was what Friday did after Crusoe had rescued him from the two savages chasing him. It was easy for me to see why Crusoe had loved Friday. After sometime, Crusoe and Friday were to rescue Friday’s father. When Friday reunited with his father, the scene was easy to move anyone: “It would have moved anyone to tears to have seen how Friday kissed him, embraced him, hugged him, cried, laughed, halloed, jumped about, danced, sung; and then sung and jumped about again, like a distracted creature. It was a good while before I could make him speak to me.” This is my favourite chapter in the whole book. It is hard to see why Friday is an ex-savage when he can have personalities more praiseworthy than many civilized people, viz. Crusoe himself. “When he (Friday) went to him (Friday’s father), he would sit down by him, open his breast, and hold his father’s head close to his bosom, half an hour together, to nourish it; then he took his arms and ankles, which were numbed and stiff with the binding, and rubbed them with his hands.” Furthermore, Friday’s expression of loyalty in asking Crusoe to kill him rather than leave him is more heartfelt than anything Crusoe ever says or does.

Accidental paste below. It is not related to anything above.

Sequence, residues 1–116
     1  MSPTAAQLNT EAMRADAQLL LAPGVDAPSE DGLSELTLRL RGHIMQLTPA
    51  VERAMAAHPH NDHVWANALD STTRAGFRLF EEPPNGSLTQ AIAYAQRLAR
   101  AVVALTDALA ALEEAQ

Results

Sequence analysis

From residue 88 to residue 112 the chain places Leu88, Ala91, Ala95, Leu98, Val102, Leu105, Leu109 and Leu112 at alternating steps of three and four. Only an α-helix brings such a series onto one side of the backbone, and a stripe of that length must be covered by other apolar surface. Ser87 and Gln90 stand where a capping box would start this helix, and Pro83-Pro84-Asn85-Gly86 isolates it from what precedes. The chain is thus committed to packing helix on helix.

Crusoe, on the absolute contrary, seems incapable of deep feelings, as shown by his account of leaving his family—he never shows any emotions. After a moving lecture from Robinson’s father about his future, he still decided to follow his own wandering ambition. Careless was he about the wishes of his parents to keep him alive and prosperous, as he was the only child left in the family. When he came back from the island which he had lived on for twenty eight years, he found that it had been too late to tell his parents that he was still